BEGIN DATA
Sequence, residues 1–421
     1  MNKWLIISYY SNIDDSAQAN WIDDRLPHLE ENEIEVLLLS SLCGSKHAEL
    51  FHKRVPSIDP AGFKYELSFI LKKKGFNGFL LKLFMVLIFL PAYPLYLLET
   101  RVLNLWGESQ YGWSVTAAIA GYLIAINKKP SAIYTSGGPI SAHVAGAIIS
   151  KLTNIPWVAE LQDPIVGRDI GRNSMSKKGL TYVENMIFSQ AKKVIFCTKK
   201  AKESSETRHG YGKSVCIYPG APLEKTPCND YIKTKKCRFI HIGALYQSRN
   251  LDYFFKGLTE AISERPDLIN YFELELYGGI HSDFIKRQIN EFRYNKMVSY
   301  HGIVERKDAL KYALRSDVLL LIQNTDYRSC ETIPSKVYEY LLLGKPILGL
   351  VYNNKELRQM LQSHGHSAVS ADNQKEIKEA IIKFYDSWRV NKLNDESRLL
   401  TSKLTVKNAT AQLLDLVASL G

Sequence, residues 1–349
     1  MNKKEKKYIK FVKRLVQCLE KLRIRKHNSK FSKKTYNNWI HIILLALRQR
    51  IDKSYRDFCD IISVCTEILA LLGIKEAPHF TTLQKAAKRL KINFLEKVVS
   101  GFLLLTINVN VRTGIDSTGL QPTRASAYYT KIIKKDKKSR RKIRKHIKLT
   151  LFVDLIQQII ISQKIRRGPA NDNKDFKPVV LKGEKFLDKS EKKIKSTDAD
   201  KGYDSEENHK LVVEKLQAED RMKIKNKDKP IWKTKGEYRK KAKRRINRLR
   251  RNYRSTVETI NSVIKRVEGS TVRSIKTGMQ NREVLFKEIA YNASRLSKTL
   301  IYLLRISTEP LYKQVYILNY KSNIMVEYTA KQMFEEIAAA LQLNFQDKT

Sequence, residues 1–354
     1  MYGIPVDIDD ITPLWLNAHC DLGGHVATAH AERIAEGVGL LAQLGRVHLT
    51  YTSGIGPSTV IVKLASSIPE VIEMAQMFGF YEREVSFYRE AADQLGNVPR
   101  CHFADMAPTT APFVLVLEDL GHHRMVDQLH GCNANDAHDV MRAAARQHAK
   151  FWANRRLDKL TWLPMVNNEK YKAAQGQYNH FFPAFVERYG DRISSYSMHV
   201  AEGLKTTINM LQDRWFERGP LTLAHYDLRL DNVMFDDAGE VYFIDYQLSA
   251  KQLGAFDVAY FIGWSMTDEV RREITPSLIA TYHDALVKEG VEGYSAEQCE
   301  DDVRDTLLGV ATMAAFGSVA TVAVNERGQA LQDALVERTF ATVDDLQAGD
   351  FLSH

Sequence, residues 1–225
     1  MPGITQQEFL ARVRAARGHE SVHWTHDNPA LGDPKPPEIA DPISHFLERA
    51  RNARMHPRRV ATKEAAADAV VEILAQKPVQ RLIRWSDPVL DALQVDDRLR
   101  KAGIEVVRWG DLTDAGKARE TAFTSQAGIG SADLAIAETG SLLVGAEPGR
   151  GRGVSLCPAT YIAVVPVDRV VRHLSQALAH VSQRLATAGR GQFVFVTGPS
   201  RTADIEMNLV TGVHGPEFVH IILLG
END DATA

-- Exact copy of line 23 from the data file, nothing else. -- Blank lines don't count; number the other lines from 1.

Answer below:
   151  FWANRRLDKL TWLPMVNNEK YKAAQGQYNH FFPAFVERYG DRISSYSMHV